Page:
Sam and Sally here to share info on the 5th Annual Black Comic Book Festival, work from Derick Jones and Shannon Wright, a whole pile of comic strips, and thoughts from Sam on influences in film.
Sally here – This Friday and Saturday the Schomburg Center for Research in Black Culture at the New York Public Library will be hosting the 5th Annual Black Comic Book Festival. You can register to attend HERE. Expanded this year to fill two days, the schedule of events includes panels with Kyle Baker, Trevor Von Eeden, and Ronald Wimberly among others, a tribute to Jackie Ormes, and a number of “how-to” workshops including “How to Draw Afrakan Superheroes” with Akinseye Brown. There will be a comics exhibition both days as well.
More details on the event HERE.
Ronald Wimberly is pumped about going – he reported via Instagram:
“Of course white people are welcome! Who’d exclude white commerce after the opium wars?! …. This weekend I’ll be at the Black Comics Festival (@schomburgblackcomics) at the Schomburg Center. I’ll be selling and signing copies of Prince of Cats, the Attack on Titan Anthology and maybe something else… On Saturday 5:30-6:45, I’ll be on the Comics and Hip-Hop panel moderated by Jonathan Gray featuring Andre Leroy Davis, Eric Orr (@orrdesigns), and Sole Rebel in the Langston Hughes Auditorium.“
Shannon Wright drew this cute comic about “A proud father recording his son demolish DDR” and went on to comment on these rare cool Dads:
“…in a lot of cases it’s shocking because we don’t see that involvement, especially when the hobby or interest doesn’t revolve around a sport or a prominent musical instrument. It was refreshing to see.“
I love when Shannon makes these quick comics – her skill set is incredible and I enjoy her more illustrative work – but her 4-panel strip comics and work like the piece above really capture moments in a special way. More please!
Derick Jones is publishing a webcomic called Dead Days in Kowloon – he’s been at it since October of 2016. He updates it twice a week – read it from the beginning HERE.
I really like the work Derick has been posting on his Instagram recently – check it out @skudsink – straight inks, no midtones is his tune for the year so far!
Sam Ombiri here: The quote of the week comes from Jafar Panahi – “Every film is worth watching.”
This is from his last risky movie that he “didn’t make”, using a security dash cam, called Taxi. (Editor’s Note: Jafar Panahi has been making films while under house arrest in Iran since 2010…!) He’s more optimistic than his buddy Abbas Kiarostami was. I read somewhere that Abbas Kiarostami was optimistic about the idea up until he realized, eventually, that the public having cameras wasn’t enough, and the promise he had felt about the general population having easy access to the camera didn’t yield what he had hoped.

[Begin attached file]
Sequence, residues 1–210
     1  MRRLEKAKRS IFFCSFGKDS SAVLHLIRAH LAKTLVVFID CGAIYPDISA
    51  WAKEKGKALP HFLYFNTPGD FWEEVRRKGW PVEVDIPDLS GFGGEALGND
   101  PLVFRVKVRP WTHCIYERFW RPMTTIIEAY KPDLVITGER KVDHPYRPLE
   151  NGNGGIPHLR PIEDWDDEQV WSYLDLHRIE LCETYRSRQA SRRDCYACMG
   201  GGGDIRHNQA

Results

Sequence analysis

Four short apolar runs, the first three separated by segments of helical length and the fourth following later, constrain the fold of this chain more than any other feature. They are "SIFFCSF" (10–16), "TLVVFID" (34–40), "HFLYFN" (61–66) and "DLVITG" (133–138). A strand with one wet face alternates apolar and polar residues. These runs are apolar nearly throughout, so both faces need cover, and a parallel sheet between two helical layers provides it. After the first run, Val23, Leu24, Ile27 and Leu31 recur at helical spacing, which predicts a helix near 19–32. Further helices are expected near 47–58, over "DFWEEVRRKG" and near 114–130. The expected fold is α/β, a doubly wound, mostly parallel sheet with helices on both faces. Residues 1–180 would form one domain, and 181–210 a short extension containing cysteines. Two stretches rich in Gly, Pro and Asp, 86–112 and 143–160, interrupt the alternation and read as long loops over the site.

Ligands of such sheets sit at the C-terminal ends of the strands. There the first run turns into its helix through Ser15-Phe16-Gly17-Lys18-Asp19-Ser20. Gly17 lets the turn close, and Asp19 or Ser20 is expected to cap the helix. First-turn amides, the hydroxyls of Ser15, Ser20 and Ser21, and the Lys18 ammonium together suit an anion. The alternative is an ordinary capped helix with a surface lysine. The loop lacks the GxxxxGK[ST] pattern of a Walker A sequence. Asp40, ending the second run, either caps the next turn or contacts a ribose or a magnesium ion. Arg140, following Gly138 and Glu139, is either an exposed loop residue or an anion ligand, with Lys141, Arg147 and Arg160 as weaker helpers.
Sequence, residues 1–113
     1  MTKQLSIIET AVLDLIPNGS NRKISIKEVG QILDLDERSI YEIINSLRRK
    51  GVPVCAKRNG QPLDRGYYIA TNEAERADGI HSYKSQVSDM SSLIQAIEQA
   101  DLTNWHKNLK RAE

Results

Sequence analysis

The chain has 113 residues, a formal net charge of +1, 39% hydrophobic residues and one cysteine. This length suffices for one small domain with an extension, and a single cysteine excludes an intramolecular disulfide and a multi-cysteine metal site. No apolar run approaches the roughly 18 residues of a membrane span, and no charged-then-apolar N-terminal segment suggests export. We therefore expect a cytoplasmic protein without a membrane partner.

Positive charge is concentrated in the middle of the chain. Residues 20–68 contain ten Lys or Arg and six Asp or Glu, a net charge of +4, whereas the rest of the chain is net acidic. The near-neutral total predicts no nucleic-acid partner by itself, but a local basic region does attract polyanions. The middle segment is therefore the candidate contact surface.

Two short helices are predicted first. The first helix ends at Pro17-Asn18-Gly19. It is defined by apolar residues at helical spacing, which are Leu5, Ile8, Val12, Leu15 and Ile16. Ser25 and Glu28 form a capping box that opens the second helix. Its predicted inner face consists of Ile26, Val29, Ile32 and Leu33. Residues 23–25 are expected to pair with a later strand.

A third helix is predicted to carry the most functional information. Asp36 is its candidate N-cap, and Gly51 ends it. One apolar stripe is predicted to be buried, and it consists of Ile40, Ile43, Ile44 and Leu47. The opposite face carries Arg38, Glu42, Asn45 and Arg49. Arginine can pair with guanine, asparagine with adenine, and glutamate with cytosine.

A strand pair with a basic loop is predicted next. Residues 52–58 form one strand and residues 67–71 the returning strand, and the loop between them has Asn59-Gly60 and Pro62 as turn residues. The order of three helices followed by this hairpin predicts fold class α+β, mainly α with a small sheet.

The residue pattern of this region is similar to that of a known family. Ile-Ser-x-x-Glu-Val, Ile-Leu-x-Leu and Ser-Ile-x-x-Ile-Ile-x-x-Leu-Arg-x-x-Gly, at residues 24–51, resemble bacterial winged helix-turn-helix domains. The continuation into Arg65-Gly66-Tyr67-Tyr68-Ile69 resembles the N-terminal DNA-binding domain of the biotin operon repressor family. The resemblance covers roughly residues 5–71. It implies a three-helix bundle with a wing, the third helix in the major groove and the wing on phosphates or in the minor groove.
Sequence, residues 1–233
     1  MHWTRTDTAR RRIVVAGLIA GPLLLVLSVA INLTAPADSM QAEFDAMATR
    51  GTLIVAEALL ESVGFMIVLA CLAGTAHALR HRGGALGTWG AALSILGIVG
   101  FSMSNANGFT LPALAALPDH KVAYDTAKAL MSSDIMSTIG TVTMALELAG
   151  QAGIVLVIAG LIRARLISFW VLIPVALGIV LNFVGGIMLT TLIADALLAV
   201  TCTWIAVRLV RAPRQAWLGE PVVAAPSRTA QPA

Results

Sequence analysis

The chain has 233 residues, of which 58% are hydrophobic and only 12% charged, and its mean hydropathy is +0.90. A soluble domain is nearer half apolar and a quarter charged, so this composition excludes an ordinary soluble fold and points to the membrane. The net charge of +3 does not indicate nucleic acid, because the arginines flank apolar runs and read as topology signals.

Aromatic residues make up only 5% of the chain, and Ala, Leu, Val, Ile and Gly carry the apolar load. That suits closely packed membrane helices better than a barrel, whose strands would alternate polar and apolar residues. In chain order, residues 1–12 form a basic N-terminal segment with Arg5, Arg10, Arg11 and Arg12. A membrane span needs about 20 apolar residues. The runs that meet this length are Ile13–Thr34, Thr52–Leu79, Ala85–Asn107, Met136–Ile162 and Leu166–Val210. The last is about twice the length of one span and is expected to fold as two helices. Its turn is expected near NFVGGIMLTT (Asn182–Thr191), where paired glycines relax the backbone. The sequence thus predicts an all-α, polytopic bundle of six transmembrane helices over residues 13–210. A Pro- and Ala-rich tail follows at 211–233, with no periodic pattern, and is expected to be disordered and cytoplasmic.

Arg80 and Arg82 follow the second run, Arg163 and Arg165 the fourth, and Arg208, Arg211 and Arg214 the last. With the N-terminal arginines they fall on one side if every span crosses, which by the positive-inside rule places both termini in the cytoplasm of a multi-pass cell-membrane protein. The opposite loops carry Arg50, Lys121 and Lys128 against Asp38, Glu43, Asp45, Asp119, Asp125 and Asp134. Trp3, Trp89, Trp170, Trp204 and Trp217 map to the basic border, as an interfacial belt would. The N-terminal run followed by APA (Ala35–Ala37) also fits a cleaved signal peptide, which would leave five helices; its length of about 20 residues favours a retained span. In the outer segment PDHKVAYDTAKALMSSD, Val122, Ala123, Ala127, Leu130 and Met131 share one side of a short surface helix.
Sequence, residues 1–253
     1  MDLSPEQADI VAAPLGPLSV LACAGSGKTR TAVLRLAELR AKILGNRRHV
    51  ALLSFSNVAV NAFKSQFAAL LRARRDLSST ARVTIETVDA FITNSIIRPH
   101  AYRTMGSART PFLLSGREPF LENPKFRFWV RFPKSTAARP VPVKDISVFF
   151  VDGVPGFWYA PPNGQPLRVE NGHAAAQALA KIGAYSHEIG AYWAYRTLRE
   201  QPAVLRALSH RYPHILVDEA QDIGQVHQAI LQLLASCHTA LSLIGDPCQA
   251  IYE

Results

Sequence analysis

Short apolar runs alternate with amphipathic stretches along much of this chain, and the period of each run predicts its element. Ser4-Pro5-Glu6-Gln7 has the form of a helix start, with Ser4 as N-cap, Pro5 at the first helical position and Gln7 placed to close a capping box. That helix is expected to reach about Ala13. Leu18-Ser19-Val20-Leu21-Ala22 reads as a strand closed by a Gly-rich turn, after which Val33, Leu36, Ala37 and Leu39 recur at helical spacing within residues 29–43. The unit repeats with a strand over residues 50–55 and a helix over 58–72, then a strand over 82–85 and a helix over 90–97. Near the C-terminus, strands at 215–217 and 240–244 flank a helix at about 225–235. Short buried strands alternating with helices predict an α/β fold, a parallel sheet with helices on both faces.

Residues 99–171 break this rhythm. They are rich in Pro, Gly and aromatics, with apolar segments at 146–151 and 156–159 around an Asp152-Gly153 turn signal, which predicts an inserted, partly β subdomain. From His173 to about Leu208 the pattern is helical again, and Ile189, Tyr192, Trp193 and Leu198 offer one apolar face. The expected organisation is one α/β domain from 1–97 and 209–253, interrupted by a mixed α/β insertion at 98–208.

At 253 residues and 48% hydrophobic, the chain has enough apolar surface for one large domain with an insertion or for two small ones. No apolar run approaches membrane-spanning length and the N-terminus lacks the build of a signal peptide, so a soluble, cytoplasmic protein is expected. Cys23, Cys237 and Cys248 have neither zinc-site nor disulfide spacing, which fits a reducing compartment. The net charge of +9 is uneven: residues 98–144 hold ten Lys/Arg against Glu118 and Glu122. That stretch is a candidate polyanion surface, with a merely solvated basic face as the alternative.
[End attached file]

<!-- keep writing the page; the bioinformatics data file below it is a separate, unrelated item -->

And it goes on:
What Jafar Panahi says reminds me of Andrei Tarkovsky’s whole thing of “zen in art”, that it can be something like nature – you can choose to interact with it or not. I think it’s really interesting the amount of danger both directors put themselves in for their movies. (They also each made great movies called The Mirror.)
At the beginning of Powr Mastrs 3 CF says, “I see you all imitating me – Disappointing – Follow your own star.”
One hope with looking at how movies are made – it’s something like what Robert Bresson said, something along the lines of “I’m often influenced by other mediums.” (He was actually quoting someone else whom I can’t remember. He was about to walk off the interview because he thought they were going to ask questions that he didn’t want to engage in. or in the context with which they were asking.) Anyways, I’m thinking about the way people like Lynne Ramsay, Jafar Panahi, Abbas Kiarostami, and Michael Haneke process their Bresson/Tarkovsky influences. (With Panahi I’m only guessing that he’s influenced by them – the other two I know for sure, and with Ramsay I only sense Bresson). Whereas there are others who are processing that influence in a way that can feel… I don’t really know the right word. I don’t want to be more harsh than necessary.
I think Haneke’s work studies the relationship between projected reality and reality as it’s happening. In White Ribbon, which I haven’t seen for a long time, I think it’s the relationship between the photos taken in that time in relation to what could have been going on in those photos, that could suggest that this generation of kids will be the ones that accept Hitler. There is the ideal image being imposed…or, well…because of being caught up in these ideal images that are being imposed, the adults remain naive and too blind to see this other mysterious “behavior” rise from their romanticization of their children. The behavior is only being suspected, as you can’t tell whether or not the children are lying. – Sam Ombiri
- Adam Griffiths brings us another ‘Zine Tree Interview – this time with JB Brager – a Philadelphia-based cartoonist and writer, and a PhD candidate in Women’s & Gender Studies at Rutgers University.
- Tarantula by Alexis Ziritt & Fabian Rangel Jr. & Evelyn Rangel is coming out via AdHouse Books any minute now – and they have released a gorgeous full color preview for us to drool over – HERE.
From the Comics Workbook school store – Zona #3 – all student work – 40 pages of comics – stories by Kurt Ankeny, Jacqueline Huskisson, Paddy Lynch, and Tyler Landry. Covers include an additional unique hand drawing by Frank Santoro – edition of 100 – signed and numbered. Get a copy of this book HERE!
Suzy and Cecil – 1-12-2017 – by Sally Ingraham
Joanie and Jordie – 1-12-2017 – by Caleb Orecchio
1-12-2017 – by Juan Fernández
Dungeon Lollers – 1-12-2017 – by Tyler Landry